'Freedomland': The Crime Is in the Storytelling
Friday, February 17, 2006
"Freedomland" is that saddest of all things in the cinema, a great story poorly told.
Adapted by the novelist Richard Price from his best-selling 1998 novel of the same name, "Freedomland" has grit, realism and epic sweep, its story of a grievous episode in the housing projects and blue collar suburbs taking on the mythic heft of a Bruce Springsteen ballad. Like the best of Price's work, "Freedomland" is about characters who move and talk and behave like recognizable people, but who also become symbols of something greater than themselves.
Police detective Lorenzo Council (Samuel L. Jackson) and Brenda Martin (Julianne Moore) are classic Price characters, at once messily human and iconic. As "Freedomland" opens, Council is walking his beat in the Armstrong housing project, where he is affectionately called "Big Daddy" by the mostly African American residents. Simultaneously Brenda, her hands covered in blood, shows up at an emergency room in nearby (fictional) Gannon, N.J., a mostly white working-class enclave. She's been carjacked near the Armstrong projects, and Council is called to interview her about the perpetrator.
Brenda identifies the carjacker as an African American man, and the police immediately cordon off the projects, creating a lockdown that threatens to erupt at any moment; meanwhile, Brenda tearfully admits to Council that her 4-year-old son was in the back seat of the car, a late-emerging fact that sparks the detective's doubts in her story. As the manhunt continues, with the Armstrong residents becoming increasingly incensed at what they see as racial profiling and gratuitous force, Council quietly pursues his theory that Brenda isn't telling him the whole story.
There is something about a movie written by Richard Price -- whether it's "The Color of Money," "Clockers" or, now, "Freedomland" -- that bears his stamp; he is a master of realism, with an acute ear for street and police vernacular. (When Brenda tells Council that her brother is on the Gannon police force, she says he's "on the job"; later, a cop says that an elusive suspect has gone "all-out rabbit on me.")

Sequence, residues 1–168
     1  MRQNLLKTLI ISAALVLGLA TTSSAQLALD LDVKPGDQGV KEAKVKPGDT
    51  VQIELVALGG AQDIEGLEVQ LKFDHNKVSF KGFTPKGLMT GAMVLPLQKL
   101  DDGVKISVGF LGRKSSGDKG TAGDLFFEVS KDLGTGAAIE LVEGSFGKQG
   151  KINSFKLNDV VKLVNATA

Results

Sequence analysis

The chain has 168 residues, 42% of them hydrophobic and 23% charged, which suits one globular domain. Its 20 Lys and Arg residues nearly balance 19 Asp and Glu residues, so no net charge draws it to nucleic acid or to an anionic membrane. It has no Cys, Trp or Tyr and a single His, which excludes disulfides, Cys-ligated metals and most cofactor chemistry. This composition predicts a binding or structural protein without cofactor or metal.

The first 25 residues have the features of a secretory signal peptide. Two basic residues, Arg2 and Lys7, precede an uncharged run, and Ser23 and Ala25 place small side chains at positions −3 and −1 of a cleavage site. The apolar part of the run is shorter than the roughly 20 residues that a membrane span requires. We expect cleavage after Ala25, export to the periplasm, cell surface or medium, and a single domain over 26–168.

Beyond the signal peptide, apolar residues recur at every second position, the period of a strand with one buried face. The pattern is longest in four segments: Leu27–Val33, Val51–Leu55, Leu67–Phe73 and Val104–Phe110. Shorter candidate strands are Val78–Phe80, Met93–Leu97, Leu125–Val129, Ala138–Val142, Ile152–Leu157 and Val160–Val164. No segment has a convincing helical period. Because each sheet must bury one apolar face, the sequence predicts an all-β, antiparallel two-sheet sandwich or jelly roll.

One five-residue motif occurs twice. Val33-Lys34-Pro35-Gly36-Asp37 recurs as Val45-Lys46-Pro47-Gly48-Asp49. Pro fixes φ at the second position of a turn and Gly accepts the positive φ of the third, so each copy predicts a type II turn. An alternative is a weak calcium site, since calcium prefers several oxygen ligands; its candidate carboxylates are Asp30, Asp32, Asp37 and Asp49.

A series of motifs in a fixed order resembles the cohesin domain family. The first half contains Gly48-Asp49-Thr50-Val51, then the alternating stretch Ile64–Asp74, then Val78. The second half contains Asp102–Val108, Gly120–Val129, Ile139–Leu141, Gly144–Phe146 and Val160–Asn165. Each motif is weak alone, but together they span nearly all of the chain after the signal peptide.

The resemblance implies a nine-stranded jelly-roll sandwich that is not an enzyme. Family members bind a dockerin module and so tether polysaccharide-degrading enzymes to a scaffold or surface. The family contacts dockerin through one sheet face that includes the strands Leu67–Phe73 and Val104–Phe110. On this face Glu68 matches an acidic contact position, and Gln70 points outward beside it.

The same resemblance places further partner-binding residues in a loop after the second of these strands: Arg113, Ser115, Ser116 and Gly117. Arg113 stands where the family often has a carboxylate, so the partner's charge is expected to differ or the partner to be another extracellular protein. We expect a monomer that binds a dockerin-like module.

As a novelist and a screenwriter known for deeply researching his subjects, he also possesses an uncommon understanding of the subtleties of race and class. In "Freedomland," what starts out looking like just another ripped-from-the-headlines story (its most obvious inspiration is the Susan Smith story of 1994, but it also recalls the Bensonhurst and Rodney King riots) becomes much more complex, with tribal lines continually shifting. At first, Brenda looks like a stereotypical working-class white woman who, out of conscious or unconscious racism, conveniently accuses a black man; but as "Freedomland" progresses, those assumptions are challenged and even contradicted.
All of this is fascinating and would have made a fascinating movie if "Freedomland" were one movie. Instead, it turns into 3 1/2 movies, none of them fully realized. Midway through the first act, a third major character shows up: a missing-child activist named Karen Collucci (Edie Falco). She conveniently offers to help Council get to the bottom of Brenda's story and spearheads a search of the campus of an abandoned orphanage, the Freedomland of the title. It's at this point that Falco delivers the film's best scene, a haunting, mesmerizing monologue, but it's also where the movie undergoes one of several odd shifts in focus and tone. Soon, what could have been an unusually smart police procedural becomes a sprawling, overwrought melodrama that itself morphs into a sort of spiritual romance.
There are more dizzying turns in store, as characters and subplots appear, disappear and pop up again. What's more, viewers who have honed their armchair investigation skills watching reruns of "Law & Order" will wonder at Council's lack of interest in tracking down obvious leads, like the missing boy's father or a pair of glasses that figures in Brenda's story. There's an unmistakable sense throughout "Freedomland" of crucial scenes being left somewhere on a cutting room floor.
This could be the result of Price's whittling of his 550-page book into a 1 1/2 -hour movie, or it could be the fault of director Joe Roth, whose career includes "Revenge of the Nerds II," "America's Sweethearts" and "Christmas With the Kranks." Watching as "Freedomland" broke into multiple incoherent shards, I couldn't help wondering what it could have been in the hands of a classicist like Clint Eastwood, or Spike Lee, who adapted Price's "Clockers." "Freedomland" is the kind of movie that viewers will want to talk about once they've left the theater -- not to discuss the provocative political issues it tries to engage, but to wonder whether the filmmaker might have made a great movie instead of several mediocre ones.
Freedomland (113 minutes, at area theaters) is rated R for profanity and some violent content.